July 25, 2007
Beyond Flickr Exhibits - Flickr Slideshows!
Thanks to Sue for the shout-out about the Dentistry Library Flickr exhibits and reference. There is a new tool called SlideFlickr that creates embeddable Flickr slideshows (Flash-based) you can use in a blog entry or on a web page.
Dentistry Library: Virtual Exhibit: http://mblog.lib.umich.edu/dentlib/archives/2007/07/virtual_exhibit.html
Now, if only the plug-in was already installed on the staff computers ...
Combine Twitter & Flickr
Twitku is a tool to send and receive posts to and from both Twitter and Jaiku. Twitku now shows a thumbnail of an image when you include the link from Flickr in the tweat/jaik.
So let's say you combine the two types of functionality for marketing. Create an account in Twitter for the library. Create a matching account in Jaiku. Have a Flickr account. Then create a Twitter / Jaiku stream to promote new books or items from special collections or such. For example, you could say everyday at 10am there will be a tweat/jaik about some cool thing on the New Books shelf. Have a picture of the cover image or title page or something visually interesting. Put the pic in Flickr, and include a tinyurl link to the Flickr pic in a tweat about the book, with a quote, title or link to the record (PURL) in Mirlyn or LibraryThing. Then do the same sort of thing at 2pm highlighting things from our special collections.
Bet any booklovers would subscribe to the feed? I sure would!
There are other neat things going on with Twitter for libraries. TwitterProse highlights a book a day, with brief quote. So does TwitterLit. BookTwo is "reading" James Joyce to the twittersphere. Maybe there are other mashups that would combine the Twitter functionality with some other source of information to create interesting ways to project information soundbites. Here is a list of Twitter mashups. Any other ideas?
Frantic Industries: All Twitter tools and mashups in one place: http://franticindustries.com/blog/2007/04/04/all-twitter-tools-and-mashups-in-one-place/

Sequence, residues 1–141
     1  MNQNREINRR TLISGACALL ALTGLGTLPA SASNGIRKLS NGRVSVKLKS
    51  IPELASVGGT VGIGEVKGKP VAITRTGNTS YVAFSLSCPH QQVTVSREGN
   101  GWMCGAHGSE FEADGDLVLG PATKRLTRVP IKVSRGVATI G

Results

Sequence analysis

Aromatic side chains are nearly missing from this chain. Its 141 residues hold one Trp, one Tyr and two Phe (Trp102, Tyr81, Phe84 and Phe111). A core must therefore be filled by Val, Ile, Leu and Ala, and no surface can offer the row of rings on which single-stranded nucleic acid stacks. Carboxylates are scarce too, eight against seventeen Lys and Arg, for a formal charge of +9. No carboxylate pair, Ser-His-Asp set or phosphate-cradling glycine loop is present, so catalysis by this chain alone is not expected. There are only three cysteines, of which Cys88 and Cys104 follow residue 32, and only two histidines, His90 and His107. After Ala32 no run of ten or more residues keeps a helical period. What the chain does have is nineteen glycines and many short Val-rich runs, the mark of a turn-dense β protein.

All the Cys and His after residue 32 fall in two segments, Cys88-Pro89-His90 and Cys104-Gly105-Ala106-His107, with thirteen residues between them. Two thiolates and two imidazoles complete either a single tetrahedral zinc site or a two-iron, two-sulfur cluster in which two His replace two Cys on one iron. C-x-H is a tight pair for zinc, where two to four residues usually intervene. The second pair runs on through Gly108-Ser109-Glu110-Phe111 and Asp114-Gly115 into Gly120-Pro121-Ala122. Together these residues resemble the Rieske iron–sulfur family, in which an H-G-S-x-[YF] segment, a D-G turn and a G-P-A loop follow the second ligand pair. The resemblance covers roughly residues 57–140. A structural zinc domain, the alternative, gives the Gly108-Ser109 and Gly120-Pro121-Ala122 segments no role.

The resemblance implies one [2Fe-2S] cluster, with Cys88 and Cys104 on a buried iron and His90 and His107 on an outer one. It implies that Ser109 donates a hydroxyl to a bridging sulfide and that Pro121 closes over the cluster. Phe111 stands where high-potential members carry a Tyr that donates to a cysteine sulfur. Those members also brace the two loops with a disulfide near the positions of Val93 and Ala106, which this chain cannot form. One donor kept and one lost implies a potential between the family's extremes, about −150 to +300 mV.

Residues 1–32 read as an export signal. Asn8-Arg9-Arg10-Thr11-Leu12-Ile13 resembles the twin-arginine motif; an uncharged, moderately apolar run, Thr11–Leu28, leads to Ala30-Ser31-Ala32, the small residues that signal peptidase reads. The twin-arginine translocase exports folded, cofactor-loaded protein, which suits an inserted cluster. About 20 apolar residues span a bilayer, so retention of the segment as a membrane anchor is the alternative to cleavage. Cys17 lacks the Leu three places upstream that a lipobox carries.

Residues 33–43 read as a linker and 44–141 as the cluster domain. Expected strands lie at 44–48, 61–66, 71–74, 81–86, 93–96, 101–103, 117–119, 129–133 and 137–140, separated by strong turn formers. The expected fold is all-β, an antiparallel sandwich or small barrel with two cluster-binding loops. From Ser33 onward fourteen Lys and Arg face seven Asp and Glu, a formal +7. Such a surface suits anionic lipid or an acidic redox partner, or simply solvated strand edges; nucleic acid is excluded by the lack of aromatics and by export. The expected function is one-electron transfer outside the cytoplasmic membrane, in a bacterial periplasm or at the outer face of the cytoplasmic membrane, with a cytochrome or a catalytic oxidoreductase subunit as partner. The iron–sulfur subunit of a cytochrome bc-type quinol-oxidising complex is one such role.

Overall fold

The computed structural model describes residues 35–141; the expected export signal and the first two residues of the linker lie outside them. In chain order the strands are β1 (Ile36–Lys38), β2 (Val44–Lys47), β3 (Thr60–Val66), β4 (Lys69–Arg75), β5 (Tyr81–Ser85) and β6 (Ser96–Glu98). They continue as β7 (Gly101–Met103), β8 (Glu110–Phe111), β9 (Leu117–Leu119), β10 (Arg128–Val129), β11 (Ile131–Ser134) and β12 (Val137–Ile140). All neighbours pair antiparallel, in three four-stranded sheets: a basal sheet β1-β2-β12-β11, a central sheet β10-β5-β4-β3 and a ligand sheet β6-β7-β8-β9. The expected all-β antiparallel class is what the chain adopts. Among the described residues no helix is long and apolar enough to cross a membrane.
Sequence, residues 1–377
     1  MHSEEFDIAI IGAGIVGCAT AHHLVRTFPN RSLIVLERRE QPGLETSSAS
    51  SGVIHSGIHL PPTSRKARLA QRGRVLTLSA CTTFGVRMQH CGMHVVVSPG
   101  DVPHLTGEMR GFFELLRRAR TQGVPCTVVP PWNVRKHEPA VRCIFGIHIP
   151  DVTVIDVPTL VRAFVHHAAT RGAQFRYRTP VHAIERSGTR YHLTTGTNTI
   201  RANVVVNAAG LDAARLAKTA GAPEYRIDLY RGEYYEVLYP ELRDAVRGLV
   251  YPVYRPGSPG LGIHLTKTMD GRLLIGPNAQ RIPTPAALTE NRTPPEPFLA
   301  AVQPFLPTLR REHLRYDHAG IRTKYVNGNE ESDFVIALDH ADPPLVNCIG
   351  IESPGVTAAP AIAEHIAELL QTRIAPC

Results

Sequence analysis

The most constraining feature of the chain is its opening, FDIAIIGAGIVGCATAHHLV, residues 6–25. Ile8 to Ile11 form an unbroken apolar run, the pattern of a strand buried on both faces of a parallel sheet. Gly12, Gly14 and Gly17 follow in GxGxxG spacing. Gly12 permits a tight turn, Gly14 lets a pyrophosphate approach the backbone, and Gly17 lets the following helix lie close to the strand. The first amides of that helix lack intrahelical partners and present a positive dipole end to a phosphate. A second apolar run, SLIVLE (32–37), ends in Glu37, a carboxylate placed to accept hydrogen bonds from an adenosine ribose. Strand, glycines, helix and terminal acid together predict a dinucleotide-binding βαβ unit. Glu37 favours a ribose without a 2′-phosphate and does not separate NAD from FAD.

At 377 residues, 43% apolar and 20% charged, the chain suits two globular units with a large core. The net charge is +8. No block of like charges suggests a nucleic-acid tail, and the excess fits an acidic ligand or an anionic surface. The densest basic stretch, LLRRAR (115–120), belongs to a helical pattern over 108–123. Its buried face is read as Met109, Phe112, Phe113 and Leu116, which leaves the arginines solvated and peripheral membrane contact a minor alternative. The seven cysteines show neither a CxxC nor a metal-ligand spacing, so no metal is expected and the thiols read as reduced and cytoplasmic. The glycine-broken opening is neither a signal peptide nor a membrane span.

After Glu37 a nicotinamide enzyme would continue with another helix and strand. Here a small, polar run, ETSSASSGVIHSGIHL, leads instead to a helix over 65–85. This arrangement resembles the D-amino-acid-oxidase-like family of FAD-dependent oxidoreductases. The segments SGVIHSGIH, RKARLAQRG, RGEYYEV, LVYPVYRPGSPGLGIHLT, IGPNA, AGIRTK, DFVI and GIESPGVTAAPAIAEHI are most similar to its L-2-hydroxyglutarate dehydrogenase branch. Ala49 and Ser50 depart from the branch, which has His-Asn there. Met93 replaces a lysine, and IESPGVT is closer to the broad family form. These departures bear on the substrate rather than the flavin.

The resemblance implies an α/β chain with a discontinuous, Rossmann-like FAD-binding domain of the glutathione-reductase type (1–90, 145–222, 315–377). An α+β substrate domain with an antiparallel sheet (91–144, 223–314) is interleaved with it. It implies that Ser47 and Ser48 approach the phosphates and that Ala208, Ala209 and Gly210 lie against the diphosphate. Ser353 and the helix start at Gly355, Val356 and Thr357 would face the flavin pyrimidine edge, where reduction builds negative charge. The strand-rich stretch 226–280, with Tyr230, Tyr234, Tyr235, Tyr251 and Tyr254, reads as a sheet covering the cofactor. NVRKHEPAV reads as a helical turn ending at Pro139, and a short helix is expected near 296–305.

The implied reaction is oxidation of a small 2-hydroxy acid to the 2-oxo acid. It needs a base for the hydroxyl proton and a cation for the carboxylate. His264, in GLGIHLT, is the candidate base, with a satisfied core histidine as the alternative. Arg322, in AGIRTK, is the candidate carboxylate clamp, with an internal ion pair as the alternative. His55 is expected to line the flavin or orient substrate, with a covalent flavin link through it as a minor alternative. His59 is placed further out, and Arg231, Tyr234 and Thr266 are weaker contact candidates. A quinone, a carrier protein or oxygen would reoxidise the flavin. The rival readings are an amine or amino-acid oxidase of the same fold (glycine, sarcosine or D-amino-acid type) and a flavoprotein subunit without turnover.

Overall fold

July 16, 2007
Wikis for micro collaborations
Does anyone have any thoughts or opinions about promoting wikis for very small-scale collaborations and projects?
My six-person book club just started a wiki to help us keep track of what we've read, schedule dates for future meetings, suggest what to read next, and share links to all the articles, websites, and YouTube videos that come up during our discussions. It is turning out to be a perfect tool for the kind of sharing and planning we want to do, and everyone really likes it, even the non-techies and non-librarians. It has gotten me thinking about the capabilities of wikis beyond the wisdom-of-crowds, millions-of-anonymous-Wikepedia-editors framework.
It also makes me wonder if the library might want to promote wikis for much smaller projects and collaborations. Maybe in addition to MBlog we could try to create something like MWiki, which would be separate from CTools, and would allow people to set up small, password-protected wikis for group projects, faculty collaborations, student organizations, or whatever. There are already some good platforms out there - my book club is using PB wiki - but there are good blog platforms, too, and we created MBlog anyway.
Collaborative research on social bookmarking
Several HSL librarians (including me, Patricia Anderson, and Preet Rana) and med school faculty are discussing a project to explore how medical students use del.icio.us to communicate and share resources relevant to their classes. If anybody is doing something similar in another subject area, it would be interesting to compare notes.
July 06, 2007
Create Online Exhibits with Flickr
The title pretty much says it all. Take some pictures, load them on Flickr, create some captions, add a link to the Flickr set of images on your web page or blog and away you go...
Check out our own Dentistry Library to see what Patricia has done on Flickr
Del.icio.us Tags and Subject Guides
Here's a simple idea, use del.icio.us tags to supplement a subject guide or create a new subject guide. You could do this several ways. You could feed the del.icio.us links directly into your subject page (maybe, not sure how this would work with the Grad library database setup) like Suzanne has done on the Usability site or create an entire guide like the Health Science Library has already done.
You could also just have a link to your del.icio.us page, like the Lansing, Illinois Public Library has.
These links can then be syndicated so that users could then subscribe to an RSS feed and see when new links have been added. The idea of creating tags in del.icio.us also would help to organize the links and help people find links of interest. You could accept suggestions for links from other del.icio.us users.